Young people with cancer tell CLIC Sargent PIP is failing them

CLIC Sargent, the UK’s leading cancer charity for children and young people, and their families, today voiced concerns that changes in the Welfare Reform Act 2012 may have further exacerbated the disadvantages facing young people with cancer. 

This follows today’s report by Parliament’s Committee of Public Accounts, in which Committee Chair Margaret Hodge MP condemned the implementation of Personal Independence Payment as “nothing short of a fiasco”.

Liz North, CLIC Sargent Director of Communications and Campaigning, commenting on the implementation of PIP, said: “Young people with cancer supported by CLIC Sargent have reported waiting months, often many months, to hear the outcome of their PIP claim, during which time they have received no financial support.

“For a young person diagnosed with cancer and undergoing often gruelling treatment this may have a significant impact - at a time when they need to be concentrating on coping with their cancer. They deserve a benefits system that responds effectively to their needs.”

Since the new benefit started to be rolled out in April last year, young people with cancer have been reporting long delays in the processing of their claims.

Laura Dunn, 23, from Burton-on-Trent, was diagnosed with bone cancer Ewing Sarcoma last year. Laura’s CLIC Sargent Young Person’s Social Worker filled in her PIP forms in early December last year, while Laura was recovering in hospital and on morphine after an operation to remove part of her pelvis. Despite having applied more than six months ago, she still hasn’t received a decision.

Laura said: “I’m fed up. You feel ‘Why am I doing all the chasing here?’.  I’m in and out of hospital, so I don’t feel great when I come home and having to chase them up isn’t top of my priorities because I’m just hoping to get better. But I need these benefits to live. I’m lucky that I’m living with my mum who can help support me financially. I’d like to go out with my friends but I can’t afford to without these benefits. I’ve put on a lot of weight with steroid treatment, so need to buy new clothes, but I can’t afford them either.”

Louise Robinson, whose son Ashley, 18, was diagnosed with Hodgkin's lymphoma had to wait for nearly a year before her payment came through on 6 June, despite making weekly calls. She had applied on 23 July last year shortly after Ashley was diagnosed.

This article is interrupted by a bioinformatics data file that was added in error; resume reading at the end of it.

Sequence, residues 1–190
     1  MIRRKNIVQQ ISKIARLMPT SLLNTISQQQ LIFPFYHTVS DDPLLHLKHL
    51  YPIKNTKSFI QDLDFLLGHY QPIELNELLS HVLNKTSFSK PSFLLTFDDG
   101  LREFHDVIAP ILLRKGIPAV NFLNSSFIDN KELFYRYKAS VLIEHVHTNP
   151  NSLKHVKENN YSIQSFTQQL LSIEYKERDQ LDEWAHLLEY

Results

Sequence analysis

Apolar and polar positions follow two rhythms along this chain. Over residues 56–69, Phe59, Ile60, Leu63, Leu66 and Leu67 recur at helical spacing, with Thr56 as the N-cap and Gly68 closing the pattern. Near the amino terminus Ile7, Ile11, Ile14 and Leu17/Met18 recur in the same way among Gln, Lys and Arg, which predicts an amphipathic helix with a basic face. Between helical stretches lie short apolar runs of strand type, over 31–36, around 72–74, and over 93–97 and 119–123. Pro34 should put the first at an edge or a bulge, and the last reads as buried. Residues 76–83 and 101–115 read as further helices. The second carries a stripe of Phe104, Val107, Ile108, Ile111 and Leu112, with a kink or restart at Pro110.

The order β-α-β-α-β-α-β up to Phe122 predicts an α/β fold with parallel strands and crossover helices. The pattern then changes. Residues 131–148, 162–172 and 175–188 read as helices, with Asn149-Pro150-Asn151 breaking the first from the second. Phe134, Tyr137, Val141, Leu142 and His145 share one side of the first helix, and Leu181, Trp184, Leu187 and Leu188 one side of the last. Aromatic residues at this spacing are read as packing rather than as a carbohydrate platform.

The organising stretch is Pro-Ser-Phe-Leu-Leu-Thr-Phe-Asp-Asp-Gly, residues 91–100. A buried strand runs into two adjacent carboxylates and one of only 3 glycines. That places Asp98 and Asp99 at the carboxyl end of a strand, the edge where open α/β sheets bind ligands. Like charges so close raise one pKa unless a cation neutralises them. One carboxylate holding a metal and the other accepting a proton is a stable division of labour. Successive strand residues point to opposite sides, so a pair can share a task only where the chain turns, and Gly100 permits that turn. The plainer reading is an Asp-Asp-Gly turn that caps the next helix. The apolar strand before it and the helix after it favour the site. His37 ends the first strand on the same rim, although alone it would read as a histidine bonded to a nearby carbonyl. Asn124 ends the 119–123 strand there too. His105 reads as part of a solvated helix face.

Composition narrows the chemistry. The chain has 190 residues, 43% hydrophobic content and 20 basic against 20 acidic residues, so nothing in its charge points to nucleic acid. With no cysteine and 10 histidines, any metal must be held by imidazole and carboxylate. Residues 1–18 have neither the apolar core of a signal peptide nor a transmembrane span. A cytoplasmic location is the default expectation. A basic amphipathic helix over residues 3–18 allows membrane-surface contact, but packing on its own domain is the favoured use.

Her CLIC Sargent Young Person’s Social Worker helped with financial grants, but the family from Worksop, Nottinghamshire, still struggled financially. Ashley was sometimes having intensive chemo seven days a week at hospital and they had to pay £8 a day on parking.

Louise said: “It was the added stress, as well as the financial problems it caused. I was getting really worked up. We were being told Ashley’s life was uncertain, which was really stressful. We were trying to get across to them that he hadn’t got a common cold – he had cancer and it was a life threatening condition.“

In partnership with other charities, CLIC Sargent is working with the Department for Work and Pensions to ensure these young people can get the financial support they need and that the new benefit does not negatively impact them.  CLIC Sargent, which provides clinical, practical and emotional support to children and young people, and their families, is working closely with young people to understand the impact of their experiences claiming PIP and to identify where the new system works well and where it can be improved.
 
Laura said she was very frustrated by it all. “I’ve been chasing them and chasing them but nothing happens,” she said. “I called in February after my first round of chemo this year and was told my claim was being processed but that I’d need an assessment. I explained I couldn’t get to the assessment centre because I’m on crutches and can’t sit in a car for more than 10 minutes without a lot of pain.”
 
Laura, who is having chemo and due to have radiotherapy and further surgery, added: “I waited for four weeks before calling again. In March I was still waiting. In April I heard I’d get an assessment at home, which happened. After that I still hadn’t had a decision by 28 May so I phoned again. I was told it would take up to three weeks but I called yesterday – three weeks later – and was told the same thing, so I’m still waiting.”

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